Lecture_4_2

# Lecture_4_2 - Ling 726 Mathematical Linguistics Algebra...

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Ling 726: Mathematical Linguistics, Algebra, Section 2 V. Borschev and B. Partee, September 24, 2004 p. 1 Lecture 4. Algebra, continued Section 2: Lattices and Boolean algebras CONTENTS 1. Lattices . ...................................................................................................................................................... 1 1.0. Why lattices? ....................................................................................................................................... 1 1.1. Posets ................................................................................................................................................... 1 1.1.1. Upper and lower bounds. Duality ................................................................................................. 1 1.1.2. Diagrams of posets . ...................................................................................................................... 2 1.2. Lattices and semilattices ...................................................................................................................... 3 1.2.1. Lattices . ........................................................................................................................................ 3 1.2.2. Semilattices ................................................................................................................................... 4 2. Boolean algebras . ....................................................................................................................................... 4 Homework 5 ................................................................................................................................................... 5 Reading: Chapter 11: 11.1 – 11.2 of PtMW, pp. 275-281; Chapter 12: 12.1 – 12.2 of PtMW, pp.295 –299. Supplementary material on Boolean algebra in xeroxed extract from: Partee (1979) Fundamentals of Mathematics for Linguists . Stamford, CT: Greylock Publishers. Reprinted by D.Reidel, Dordrecht. (III.D. Boolean algebras. 127-136.) Some aspects of what’s covered in both readings will make more sense after we have looked at logic, but if you know a little logic already you can probably make sense of it. When we look at logic, we’ll come back to this so that we can see how useful quotient algebras are for showing how propositional logic can be a Boolean algebra. 1. Lattices. 1.0. Why lattices? There is a special class of algebraic structures, called lattices , which are used widely in many fields, and it is useful to be familiar with their basic properties. Lattices can be defined as algebras and they will be our first example of a specific kind of algebra. In this lecture we will also consider Boolean algebras, which are a special case of lattices. We will just be introducing the basic structure of lattices and Boolean algebras with some examples; there are many directions one can go from here, both in algebraic studies and in applications. 1.1. Posets. In Lecture 1 we considered the relation of weak order (reflexive, anti-symmetric and transitive). Such a relation is also called a partial order (because it is not obligatorily a total order). Any set A on which a partial order is defined is called a partially ordered set or poset and write it as < A , > or just A assuming the intended order. 1.1.1. Upper and lower bounds. Duality. Elements a and b of a poset A are called comparable if a b or b a . If they are not comparable, they are called incomparable .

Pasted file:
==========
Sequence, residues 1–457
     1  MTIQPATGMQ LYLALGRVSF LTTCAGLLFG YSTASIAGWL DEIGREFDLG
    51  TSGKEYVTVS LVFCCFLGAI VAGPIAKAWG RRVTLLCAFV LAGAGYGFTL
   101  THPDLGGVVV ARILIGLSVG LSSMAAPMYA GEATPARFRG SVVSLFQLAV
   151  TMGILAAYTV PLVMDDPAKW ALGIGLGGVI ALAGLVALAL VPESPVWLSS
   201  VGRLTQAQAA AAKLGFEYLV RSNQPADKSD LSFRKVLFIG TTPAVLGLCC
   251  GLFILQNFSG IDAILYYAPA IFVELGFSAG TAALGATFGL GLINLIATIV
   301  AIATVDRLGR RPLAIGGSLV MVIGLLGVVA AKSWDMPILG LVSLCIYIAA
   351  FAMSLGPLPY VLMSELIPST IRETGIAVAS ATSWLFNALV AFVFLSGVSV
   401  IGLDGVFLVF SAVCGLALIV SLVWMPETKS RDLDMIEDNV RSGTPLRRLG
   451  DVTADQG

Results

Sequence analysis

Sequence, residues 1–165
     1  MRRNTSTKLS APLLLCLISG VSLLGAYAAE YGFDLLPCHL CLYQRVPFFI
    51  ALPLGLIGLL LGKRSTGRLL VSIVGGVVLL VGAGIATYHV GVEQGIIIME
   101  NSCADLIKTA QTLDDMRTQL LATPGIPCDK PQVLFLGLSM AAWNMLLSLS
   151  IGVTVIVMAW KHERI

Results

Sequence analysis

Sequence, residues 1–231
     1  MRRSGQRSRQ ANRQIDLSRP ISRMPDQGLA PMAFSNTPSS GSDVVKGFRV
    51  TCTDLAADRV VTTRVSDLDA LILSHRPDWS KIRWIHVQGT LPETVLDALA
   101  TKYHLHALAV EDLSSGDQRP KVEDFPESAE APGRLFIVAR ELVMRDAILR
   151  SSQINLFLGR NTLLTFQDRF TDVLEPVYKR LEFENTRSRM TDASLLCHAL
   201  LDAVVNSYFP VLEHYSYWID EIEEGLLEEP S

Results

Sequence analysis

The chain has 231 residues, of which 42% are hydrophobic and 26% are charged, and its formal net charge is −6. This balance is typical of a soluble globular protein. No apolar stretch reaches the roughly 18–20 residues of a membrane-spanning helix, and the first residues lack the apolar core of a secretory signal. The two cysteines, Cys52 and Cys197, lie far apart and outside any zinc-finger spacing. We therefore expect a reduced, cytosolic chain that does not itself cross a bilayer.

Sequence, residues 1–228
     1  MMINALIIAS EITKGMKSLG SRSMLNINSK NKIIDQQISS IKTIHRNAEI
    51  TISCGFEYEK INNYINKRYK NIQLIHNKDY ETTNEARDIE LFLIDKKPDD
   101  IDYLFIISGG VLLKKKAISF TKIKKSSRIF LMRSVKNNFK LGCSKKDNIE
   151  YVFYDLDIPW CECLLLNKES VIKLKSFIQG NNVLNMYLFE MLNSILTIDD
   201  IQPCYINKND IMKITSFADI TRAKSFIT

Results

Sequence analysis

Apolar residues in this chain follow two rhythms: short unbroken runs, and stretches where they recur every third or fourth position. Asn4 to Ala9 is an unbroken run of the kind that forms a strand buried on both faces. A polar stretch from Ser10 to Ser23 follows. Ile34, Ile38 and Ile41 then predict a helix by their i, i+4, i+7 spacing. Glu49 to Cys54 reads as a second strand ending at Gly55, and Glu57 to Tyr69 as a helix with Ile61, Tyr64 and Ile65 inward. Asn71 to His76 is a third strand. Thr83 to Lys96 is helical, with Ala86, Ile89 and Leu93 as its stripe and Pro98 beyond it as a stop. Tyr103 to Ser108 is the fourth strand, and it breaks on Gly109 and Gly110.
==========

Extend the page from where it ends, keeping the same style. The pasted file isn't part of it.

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Ling 726: Mathematical Linguistics, Algebra, Section 2 V. Borschev and B. Partee, September 24, 2004 p. 2 In an arbitrary poset A we define an upper bound of B A [note 1 ] as an element a A , if it exists, such that for all b B , b a . An upper bound a of B is the least upper bound of B or the supremum of B (abbreviated to sup B ) if, for any upper bound c of B , we have a c . We write a = sup B , since by antisymmetry of the ordering we know that if B has a least upper bound, this is a unique least bound. It is easy to see that the inverse relation of the partial order is also a partial order. We write a b for b a , call the order the dual order to and call the poset < A , > with a dual order the dual poset to the poset < A , >.
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